Are You Ready to Be a Landlord?


Does it seem like everybody around you is getting rich off real estate? It’s a tempting scenario to buy a place, rent it out and have a tenant pay your mortgage. Be forewarned, it’s not as easy as it looks. Before you jump onto the landlord bandwagon, make sure you’re prepared for the realities of life as Mr. or Ms. Roper.

Stock Up for the Lean Times

First and foremost, being a landlord does not equal instant money. Save enough cash to cover the periods your unit sits unoccupied, because you are guaranteed interludes with no incoming rent to cover your mortgage payment. Despite tax write-offs, your first year of owning a rental property will most likely operate at a loss.

Additionally, you must set aside a pool of funds to cover both planned and unexpected repairs. Each year or so, you’ll want to paint, have the carpets professionally cleaned, make small repairs (that windowpane crack is only going to get bigger) and have the central air or furnace inspected. You could get hit with the cost of a new refrigerator, hot water heater or other major appliance. If you’re burdened with exceptionally sloppy tenants, the cost to make your rental unit livable again could be substantial.

The People in Your Neighborhood

As you search for properties, don’t assume you can turn any structure into a rental unit. Some communities forbid or frown upon having renters in the neighborhood. Do your homework. Check with your realtor, the municipality and prospective neighbors before plunking down a nonrefundable deposit.

Before you bid on a property, explore the vicinity. An abundance of other properties for sale or rent could indicate an undesirable location. Regardless, a glut of units could make your search for tenants difficult.

Law and Order

Each state has different landlord-tenant laws covering leases and evictions. Research your area’s regulations before you make a costly miscalculation, such as not knowing how to legally divest yourself of deadbeat renters.

Check out www.landlord411.com which has links to all fifty states’ landlord-related laws. Also, invest in a conversation with a real estate attorney who can walk you through your rights as a landlord. Finally, if there are any landlord associations in your region, seek them out and consider joining; after all, there’s power, strength, and knowledge in numbers.

Dirty Details

What will happen if you go on vacation and your renters need help? Are you going to hire a property manager or do the fix-ups yourself? How will you accept the rent? In person? Via checks? Through credit cards? You need to answer these and other questions before your first tenants step foot inside your unit; otherwise, you could find yourself in an unenviable position.

You also need to consider how often you plan on raising the rent. This decision cannot be made arbitrarily; weigh the pros and cons of a rent increase based on the location of your property, the status of your tenants (have they been with you for a long time?) and the general market.

Check ‘Em Out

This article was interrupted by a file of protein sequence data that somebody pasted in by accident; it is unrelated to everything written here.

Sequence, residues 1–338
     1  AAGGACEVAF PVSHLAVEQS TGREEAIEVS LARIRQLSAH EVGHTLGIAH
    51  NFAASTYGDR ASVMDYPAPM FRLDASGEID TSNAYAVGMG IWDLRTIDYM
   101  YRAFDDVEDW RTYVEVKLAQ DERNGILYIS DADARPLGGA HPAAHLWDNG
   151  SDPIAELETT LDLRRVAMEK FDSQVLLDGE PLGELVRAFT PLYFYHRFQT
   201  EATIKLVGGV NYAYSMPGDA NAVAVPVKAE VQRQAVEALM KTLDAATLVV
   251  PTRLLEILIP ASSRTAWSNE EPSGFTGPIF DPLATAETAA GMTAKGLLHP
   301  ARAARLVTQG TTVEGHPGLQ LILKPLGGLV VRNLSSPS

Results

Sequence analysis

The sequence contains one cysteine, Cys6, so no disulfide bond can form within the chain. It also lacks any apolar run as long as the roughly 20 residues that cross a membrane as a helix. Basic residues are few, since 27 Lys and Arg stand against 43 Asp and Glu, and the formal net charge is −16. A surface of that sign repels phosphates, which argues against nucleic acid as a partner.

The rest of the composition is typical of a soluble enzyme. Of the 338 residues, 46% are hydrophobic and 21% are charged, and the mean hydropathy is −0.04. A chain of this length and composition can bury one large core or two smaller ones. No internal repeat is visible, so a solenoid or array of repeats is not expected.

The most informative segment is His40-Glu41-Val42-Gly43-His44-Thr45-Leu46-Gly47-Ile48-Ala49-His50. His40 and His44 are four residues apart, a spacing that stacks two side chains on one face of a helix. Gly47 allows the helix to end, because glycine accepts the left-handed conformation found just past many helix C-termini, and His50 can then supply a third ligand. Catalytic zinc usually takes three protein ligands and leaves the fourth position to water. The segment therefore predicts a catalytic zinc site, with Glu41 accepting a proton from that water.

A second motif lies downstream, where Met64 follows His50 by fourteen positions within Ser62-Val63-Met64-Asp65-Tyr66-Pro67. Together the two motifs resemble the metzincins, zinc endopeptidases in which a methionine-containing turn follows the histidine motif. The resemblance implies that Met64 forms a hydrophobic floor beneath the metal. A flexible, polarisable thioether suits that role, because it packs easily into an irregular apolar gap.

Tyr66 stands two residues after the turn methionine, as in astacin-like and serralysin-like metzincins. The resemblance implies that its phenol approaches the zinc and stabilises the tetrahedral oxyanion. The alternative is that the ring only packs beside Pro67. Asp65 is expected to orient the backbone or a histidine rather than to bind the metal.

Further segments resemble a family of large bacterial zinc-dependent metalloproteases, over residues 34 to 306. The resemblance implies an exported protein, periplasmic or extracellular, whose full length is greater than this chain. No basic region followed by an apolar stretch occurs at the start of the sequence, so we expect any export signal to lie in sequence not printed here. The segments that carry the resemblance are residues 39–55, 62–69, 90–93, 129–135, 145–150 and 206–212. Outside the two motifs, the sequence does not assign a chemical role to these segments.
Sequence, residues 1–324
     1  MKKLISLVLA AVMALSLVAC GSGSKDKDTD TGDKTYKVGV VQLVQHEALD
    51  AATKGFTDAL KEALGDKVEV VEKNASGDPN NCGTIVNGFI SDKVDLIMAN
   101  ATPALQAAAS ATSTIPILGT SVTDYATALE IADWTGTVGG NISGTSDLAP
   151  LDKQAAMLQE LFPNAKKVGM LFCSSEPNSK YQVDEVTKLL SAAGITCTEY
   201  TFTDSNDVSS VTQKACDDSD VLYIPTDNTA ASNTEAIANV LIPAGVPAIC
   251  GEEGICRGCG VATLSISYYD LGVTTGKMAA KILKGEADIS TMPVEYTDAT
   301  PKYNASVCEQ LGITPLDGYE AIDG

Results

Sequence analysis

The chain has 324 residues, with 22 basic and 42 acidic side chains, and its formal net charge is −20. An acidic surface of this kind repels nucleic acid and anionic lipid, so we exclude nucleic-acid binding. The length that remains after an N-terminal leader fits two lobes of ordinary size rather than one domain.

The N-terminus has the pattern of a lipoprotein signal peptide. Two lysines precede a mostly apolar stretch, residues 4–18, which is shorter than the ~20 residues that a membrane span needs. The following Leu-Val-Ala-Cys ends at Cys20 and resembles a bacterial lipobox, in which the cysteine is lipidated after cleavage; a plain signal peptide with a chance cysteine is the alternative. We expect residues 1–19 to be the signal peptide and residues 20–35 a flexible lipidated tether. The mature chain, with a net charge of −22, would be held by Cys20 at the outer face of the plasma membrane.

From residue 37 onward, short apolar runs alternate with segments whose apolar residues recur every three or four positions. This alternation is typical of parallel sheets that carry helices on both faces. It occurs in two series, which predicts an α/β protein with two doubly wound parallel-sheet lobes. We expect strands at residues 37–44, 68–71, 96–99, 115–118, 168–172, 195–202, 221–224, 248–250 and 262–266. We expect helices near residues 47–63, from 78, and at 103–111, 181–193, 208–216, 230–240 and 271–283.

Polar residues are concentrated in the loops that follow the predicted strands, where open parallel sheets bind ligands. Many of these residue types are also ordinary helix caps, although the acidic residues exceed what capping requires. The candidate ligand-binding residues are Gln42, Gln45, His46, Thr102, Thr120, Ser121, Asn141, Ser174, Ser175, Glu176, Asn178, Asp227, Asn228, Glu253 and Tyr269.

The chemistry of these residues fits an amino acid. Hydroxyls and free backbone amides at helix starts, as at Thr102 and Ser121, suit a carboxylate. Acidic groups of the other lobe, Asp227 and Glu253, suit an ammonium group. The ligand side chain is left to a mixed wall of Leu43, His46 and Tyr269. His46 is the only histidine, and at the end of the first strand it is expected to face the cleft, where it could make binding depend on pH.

When considering prospective tenants, check on their credentials. While some landlords eschew tenant screening, most professional associations recommend that you at least do a credit history check and call all references, including former landlords. Keep in mind the prospective tenant’s current landlord could provide you with a glowing report to rid himself of a bad egg, while past landlords are more likely to be honest.

Even if your gut tells you someone will be a good renter, proceed with caution. A credit check might cost a few dollars, but you can recover the outlay by requiring all serious prospective renters to pay an application fee. It’s far better to know upfront that folks are bad news. Once they invade your building, it can be far more problematic and expensive than a credit check fee to get them out.

Stick to Your Guns

If you can’t be firm, the landlord lifestyle might not be for you. If you’re a big softie but determined nonetheless, hire a property manager to do the tough stuff. If you’re willing to be consistent in the face of angry tenants and potential disputes, you could make a little dough.

If you have a “no pets allowed” policy, abide by it. Don’t allow Spot to turn your spotless carpet into a latrine. If you have explicitly stated there is to be no smoking indoors, make no exceptions even if Gramps complains about smoking outside in the dead of winter. If you expect the rent by the 5th, don’t allow the Millers off the hook because you feel sorry for them. It’s a slippery slope; they may never regain their financial footing once you let them slide once.

It’s better to maintain a professional relationship with your renters, as it will be easier for you to enforce rules, raise the rent, and evict if necessary. Some landlords have a practice of living offsite or hiring a property manager so they aren’t tempted to form close bonds with their renters. Be cordial, be polite, but try to keep your distance.

Did Someone Hear a Phone Ring?

As a landlord, prepare for the phone to ring at all hours. Unless you specifically tell renters that you will only receive non-emergency calls during certain daytime hours, you may wind up hearing from your tenants at midnight or later.

There are many issues to consider when you’re deciding whether to become a landlord. It’s a 24/7 job that can sometimes produce more headaches than cash. However, by considering all the facts, you can go into your new role with a sense of security and strength.

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